The airplane was armed with two fixed Browning .30-caliber machine guns, synchronized to fire forward through the propeller arc.
Four of Macon‘s fighters, Bureau of Aeronautics serial numbers A9058–A9061, were lost when the airship went down.
Herbert Victor Wiley was born at Wheeling, Missouri, 16 May 1891. He was the second of three children of Joel Augustine Wiley, a dry goods merchant, and Minnie Alice Carey Wiley.
Herbert Victor Wiley entered the United States Naval Academy at Annapolis, Maryland, as a midshipman, 10 May 1911. During his third year, Midshipman Wiley served aboard the battleship USS Wisconsin (BB-9). “Doc” Wiley graduated 5 June 1915 and was commissioned an ensign, United States Navy.
Ensign Wiley was assigned to the Pennsylvania-class armored cruiser USS San Diego (ACR-6), then the flagship of the U.S. Pacific Fleet.
Ensign Wiley was promoted to the rank of lieutenant (junior grade), effective 15 October 1917. On this same date, Wiley was promoted to the temporary rank of lieutenant. This rank became permanent 1 July 1920.
Lieutenant Wiley married Miss Marie Frances Scroggie, circa 1919. They would have two sons, Gordon Scroggie Wiley and David Carey Wiley. Mrs Wiley died 17 September 1930 in Los Angeles County, California.
On 11 April 1923, Lieutenant Wiley was assigned to the Naval Air Station, Lakehurst, New Jersey. He served aboard the U.S. Navy’s first rigid airship, USS Shenandoah (ZR-1), and was aboard on its first flight, 4 September 1923. A year later, as Shenandoah‘s mooring officer, Wiley was standing by at Lakehurst, New Jersey, when, on 3 September 1925, the airship was destroyed during a violent storm. Of its 40-man crew, 14 were killed.
Lieutenant Wiley was then assigned to the dirigible USS Los Angeles (ZR-3), 19 January 1925. (Los Angeles was built by Luftschiffbau Zeppelin GmbH, and designated LZ-126. It was commissioned in the U.S. Navy in 1924.) Wiley was promoted to lieutenant commander 17 December 1925 and transferred to NAS Pensacola, Florida. In 1928, Lieutenant Commander Wiley served as the executive officer of Los Angeles. He commanded the airship, April 1929–April 1930.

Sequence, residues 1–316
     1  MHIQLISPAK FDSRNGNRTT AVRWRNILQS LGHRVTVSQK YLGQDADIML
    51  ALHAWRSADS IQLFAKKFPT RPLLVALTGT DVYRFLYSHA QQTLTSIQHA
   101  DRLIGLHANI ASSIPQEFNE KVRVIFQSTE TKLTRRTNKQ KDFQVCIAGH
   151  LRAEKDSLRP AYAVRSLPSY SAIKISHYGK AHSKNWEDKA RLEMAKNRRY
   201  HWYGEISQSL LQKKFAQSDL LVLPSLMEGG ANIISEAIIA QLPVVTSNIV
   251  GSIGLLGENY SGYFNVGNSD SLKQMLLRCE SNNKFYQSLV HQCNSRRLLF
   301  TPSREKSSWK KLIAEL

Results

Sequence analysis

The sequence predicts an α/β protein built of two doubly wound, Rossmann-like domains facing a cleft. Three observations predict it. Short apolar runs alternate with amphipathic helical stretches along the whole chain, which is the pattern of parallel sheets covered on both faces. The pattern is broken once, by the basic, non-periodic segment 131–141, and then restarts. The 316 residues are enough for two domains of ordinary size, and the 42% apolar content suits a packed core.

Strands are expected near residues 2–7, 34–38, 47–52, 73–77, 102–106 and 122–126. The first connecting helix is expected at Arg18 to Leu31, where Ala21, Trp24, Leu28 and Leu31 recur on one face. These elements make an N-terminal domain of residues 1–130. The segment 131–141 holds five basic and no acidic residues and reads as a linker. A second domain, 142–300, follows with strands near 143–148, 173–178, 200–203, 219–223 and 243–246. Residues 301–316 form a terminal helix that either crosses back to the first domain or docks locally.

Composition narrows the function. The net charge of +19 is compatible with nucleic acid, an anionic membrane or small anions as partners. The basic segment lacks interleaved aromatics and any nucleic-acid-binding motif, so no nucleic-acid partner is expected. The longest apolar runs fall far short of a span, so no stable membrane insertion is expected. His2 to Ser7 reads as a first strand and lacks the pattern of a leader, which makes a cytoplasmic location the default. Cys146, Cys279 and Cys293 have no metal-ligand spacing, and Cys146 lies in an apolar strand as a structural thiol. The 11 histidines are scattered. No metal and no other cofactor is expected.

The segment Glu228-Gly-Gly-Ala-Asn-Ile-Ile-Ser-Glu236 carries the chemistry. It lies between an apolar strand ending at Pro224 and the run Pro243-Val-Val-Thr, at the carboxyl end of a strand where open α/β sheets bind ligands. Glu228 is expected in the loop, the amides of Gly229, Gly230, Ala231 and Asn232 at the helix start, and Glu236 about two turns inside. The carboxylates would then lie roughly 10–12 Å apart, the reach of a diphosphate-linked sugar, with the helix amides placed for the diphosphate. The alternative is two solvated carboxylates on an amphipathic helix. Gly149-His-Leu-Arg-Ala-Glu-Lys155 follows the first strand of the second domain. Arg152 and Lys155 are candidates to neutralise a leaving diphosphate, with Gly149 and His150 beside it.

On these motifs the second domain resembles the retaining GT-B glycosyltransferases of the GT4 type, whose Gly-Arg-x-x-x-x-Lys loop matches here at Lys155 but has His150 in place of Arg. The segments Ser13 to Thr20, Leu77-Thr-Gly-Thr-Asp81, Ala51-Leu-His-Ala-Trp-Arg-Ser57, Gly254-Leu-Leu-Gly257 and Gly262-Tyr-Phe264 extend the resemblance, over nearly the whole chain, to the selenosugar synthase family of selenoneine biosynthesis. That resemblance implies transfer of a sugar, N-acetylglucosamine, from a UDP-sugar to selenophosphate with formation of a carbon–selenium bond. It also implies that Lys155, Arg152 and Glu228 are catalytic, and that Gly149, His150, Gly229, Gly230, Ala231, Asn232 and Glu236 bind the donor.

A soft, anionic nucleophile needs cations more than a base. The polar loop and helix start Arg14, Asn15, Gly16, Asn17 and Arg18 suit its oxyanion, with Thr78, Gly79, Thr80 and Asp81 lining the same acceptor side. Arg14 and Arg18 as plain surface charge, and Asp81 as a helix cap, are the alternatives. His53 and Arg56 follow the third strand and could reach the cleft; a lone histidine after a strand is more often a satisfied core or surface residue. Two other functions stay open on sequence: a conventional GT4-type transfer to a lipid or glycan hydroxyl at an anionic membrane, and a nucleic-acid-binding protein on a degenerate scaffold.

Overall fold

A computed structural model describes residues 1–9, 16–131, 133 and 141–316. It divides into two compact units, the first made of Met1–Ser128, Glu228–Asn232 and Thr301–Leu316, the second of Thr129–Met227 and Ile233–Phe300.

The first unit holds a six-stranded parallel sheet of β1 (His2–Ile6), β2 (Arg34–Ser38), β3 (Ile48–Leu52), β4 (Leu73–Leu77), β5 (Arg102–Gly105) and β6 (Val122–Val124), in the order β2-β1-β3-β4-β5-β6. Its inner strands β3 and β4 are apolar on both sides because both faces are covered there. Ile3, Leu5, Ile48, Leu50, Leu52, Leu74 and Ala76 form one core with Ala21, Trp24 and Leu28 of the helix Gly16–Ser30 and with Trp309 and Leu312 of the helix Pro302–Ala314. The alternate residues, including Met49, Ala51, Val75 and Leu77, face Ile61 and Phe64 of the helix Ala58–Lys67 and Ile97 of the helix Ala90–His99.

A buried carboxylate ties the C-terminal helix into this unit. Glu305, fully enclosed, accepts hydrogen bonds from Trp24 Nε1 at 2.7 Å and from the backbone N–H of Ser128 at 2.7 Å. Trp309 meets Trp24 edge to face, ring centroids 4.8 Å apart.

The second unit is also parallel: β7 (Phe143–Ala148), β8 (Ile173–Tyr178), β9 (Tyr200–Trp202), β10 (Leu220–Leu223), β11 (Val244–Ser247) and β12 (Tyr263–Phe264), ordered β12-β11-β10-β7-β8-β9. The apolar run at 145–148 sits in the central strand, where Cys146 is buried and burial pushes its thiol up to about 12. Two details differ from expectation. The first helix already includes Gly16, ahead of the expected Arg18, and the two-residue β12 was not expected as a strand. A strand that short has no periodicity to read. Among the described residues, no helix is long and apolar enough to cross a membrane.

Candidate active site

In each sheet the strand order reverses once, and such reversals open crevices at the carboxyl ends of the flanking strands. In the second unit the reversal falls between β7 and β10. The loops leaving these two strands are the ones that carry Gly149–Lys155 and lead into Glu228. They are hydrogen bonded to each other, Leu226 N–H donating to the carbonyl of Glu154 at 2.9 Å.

Lieutenant Commander Wiley was the executive officer of USS Akron (ZRS-4) when it was destroyed in a storm off the coast of New Jersey, 4 April 1933. Of the crew of 76 men, only 3, including Wiley, survived.
Wiley took command of USS Macon 11 July 1934.
On 23 September 1935, Lieutenant Commander Wiley married Mrs. Charlotte Mayfield Weeden (née Charlotte May Mayfield) in Los Angeles County, California.
Lieutenant Commander Wiley was promoted to the rank of commander 1 November 1935. He was assigned to the battleship USS Mississippi (BB-41). In 1938, he transferred to the U.S. Naval Academy.
Commander Wiley was promoted to the rank of captain, with date of rank from 1 July 1941.
During World War II, Captain Wiley commanded Destroyer Squadron 29 (consisting of thirteen Clemson-class “flush-deck” destroyers) with the Asiatic Fleet. His flagship was USS Paul Jones (DD-230).
Captain Wiley took command of the Colorado-class battleship USS West Virginia (BB-48), 15 January 1944. The battleship had been sunk at Pearl Harbor, Hawaii, 7 December 1941. It was refloated and returned to a shipyard on the West Coast of the United States, where it was completely rebuilt and modernized. Wiley was awarded the Navy Cross for extraordinary heroism at the Battle of the Surigao Strait, 25 October 1944.¹
During the Battle of Okinawa, Captain Wiley remained on the bridge of his battleship for thirty consecutive days. During this period, West Virginia was hit by a kamikaze suicide attack.
Captain Wiley served as West Virginia‘s commanding officer until 2 May 1945.
Captain Wiley was promoted to the rank of rear admiral, and commanded a naval aviation facility on the island of Trinidad. While there, he suffered a heart attack. He retired from the U.S. Navy on 1 January 1947, after nearly 36 years of service.
Following his naval career, Admiral Wiley was the dean of the School of Engineering at the University of California, Berkeley.
Rear Admiral Herbert Victor Wiley, United States Navy, died at Pasadena, California, 28 April 1954. He was buried at the Golden Gate National Cemetery.
¹ The Battle of the Surigao Strait was a major naval engagement between surface forces of the Imperial Japanese Navy and the United States Navy, a part of the larger Battle of Leyte Gulf. It was the last battleship vs. battleship naval battle.
History of United States Naval Operations in World War II, Volume XII, Leyte, June 1944–January 1945, by Rear Admiral Samuel Eliot Morison, United States Navy. Little, Brown and Company, Boston, 1958.
The Battle of Leyte Gulf 23–26 October 1944, by Lieutenant Commander Thomas Joshua Cutler, United States Navy. HarperCollins Publishers, Inc., New York, 1994.
© 2019, Bryan R. Swopesby